La Plata County commissioners Tuesday unanimously approved a request to rezone a property in the Animas Valley for a higher-density development.
According to county records, Chris Hall and his family own about 6.68 acres at 7922 County Road 203, which borders the commercial development that includes the Hermosa Grill and gas station.
The property, however, is comprised of two different zonings: a 3-acre parcel of multifamily residential, which allows six units per acre, and a 3.68-acre parcel that allows one single-family home per acre. Hall requested the 3.68-acre parcel be rezoned to multifamily residential to bring the entire property under one classification.
Courtney Roseberry, with the La Plata County Planning Department, said if approved, the property could have a maximum of 32 units, with 20% designated as open space. Because of issues with emergency access, though, it’s likely the total build-out would not exceed more than 25 units, she said.
Much of the conversation Tuesday centered on the impact a higher-density development would have on County Road 203, in terms of traffic, and the overall character of the Animas Valley.
Hall, for his part, said 13 units can already be added to the half of the property that is currently zoned multifamily residential. Asking the county to rezone the other 3.68 acres would result in an increase of 12 to 13 new units, he said.
“We prefer to have it as one piece,” he said. “We want something that’s a better development … and we have a lot more options with a single zoning rather than a dual zoning.”
Hall said the Hermosa area is already a fairly dense area with an array of commercial development. He also said developments with higher density are typically cheaper, which would meet the county’s need for affordable and attainable housing.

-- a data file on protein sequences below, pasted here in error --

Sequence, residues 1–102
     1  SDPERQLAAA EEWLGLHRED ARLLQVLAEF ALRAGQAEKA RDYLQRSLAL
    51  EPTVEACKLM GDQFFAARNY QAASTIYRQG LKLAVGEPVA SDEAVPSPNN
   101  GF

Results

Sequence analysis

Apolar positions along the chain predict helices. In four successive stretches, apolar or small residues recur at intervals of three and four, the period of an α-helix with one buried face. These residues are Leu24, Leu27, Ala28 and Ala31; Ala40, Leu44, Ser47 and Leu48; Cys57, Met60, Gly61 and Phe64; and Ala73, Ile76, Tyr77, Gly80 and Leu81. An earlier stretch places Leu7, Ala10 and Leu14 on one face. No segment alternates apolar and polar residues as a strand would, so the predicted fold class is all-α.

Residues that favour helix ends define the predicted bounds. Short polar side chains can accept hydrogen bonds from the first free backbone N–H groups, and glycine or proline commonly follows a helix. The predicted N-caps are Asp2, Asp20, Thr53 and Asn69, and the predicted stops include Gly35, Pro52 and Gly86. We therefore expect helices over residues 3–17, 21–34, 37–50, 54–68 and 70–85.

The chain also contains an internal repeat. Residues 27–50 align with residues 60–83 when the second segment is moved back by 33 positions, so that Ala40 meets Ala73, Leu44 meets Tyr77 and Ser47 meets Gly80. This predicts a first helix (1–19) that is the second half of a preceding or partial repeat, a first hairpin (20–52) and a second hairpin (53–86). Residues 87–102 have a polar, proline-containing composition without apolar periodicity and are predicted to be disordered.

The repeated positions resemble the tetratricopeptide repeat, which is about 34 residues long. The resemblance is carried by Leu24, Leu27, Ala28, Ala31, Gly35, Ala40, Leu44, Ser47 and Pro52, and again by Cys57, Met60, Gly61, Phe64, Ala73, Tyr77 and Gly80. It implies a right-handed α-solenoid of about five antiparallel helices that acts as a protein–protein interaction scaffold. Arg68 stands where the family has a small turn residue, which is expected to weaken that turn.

“Allowing for more multifamily is a good thing for the county and a good thing for the community,” he said. “It’s only going to be the millionaires that live (in Hermosa) if we continue down this path.”
Tuesday’s approval changes only the zoning classification of the property. An actual project proposal would be subject to another round of county permitting and approval.
At that time, specifics to road improvements to County Road 203 would be discussed, Roseberry said.
Commissioner Gwen Lachelt said the No. 1 complaint she hears from Animas Valley residents is that County Road 203 is not capable of handling the increased traffic it has experienced in recent years. She said the road needs to be prioritized for improvements.
“It’s a big need,” she said. “This is an area that makes sense for growth.”
Commissioners pointed out that the project has not received the amount of opposition that a previous development proposed last year received, which was ultimately denied by the county. In that case, a developer proposed to rezone 9 acres just north of Trimble Hot Springs for a high-density development of about 40 affordable homes.